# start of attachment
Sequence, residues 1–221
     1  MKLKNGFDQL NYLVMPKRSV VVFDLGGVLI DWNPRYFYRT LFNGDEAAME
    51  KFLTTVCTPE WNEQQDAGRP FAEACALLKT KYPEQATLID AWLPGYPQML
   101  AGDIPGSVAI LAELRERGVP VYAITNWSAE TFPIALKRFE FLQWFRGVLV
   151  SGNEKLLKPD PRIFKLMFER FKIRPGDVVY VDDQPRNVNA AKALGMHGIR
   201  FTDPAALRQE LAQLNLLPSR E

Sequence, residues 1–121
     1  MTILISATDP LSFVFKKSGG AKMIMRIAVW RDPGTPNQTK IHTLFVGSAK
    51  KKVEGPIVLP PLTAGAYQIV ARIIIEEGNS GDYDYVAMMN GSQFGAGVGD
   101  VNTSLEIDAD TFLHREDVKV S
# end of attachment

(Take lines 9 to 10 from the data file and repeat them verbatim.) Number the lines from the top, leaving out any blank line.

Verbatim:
    51  KKVEGPIVLP PLTAGAYQIV ARIIIEEGNS GDYDYVAMMN GSQFGAGVGD
   101  VNTSLEIDAD TFLHREDVKV S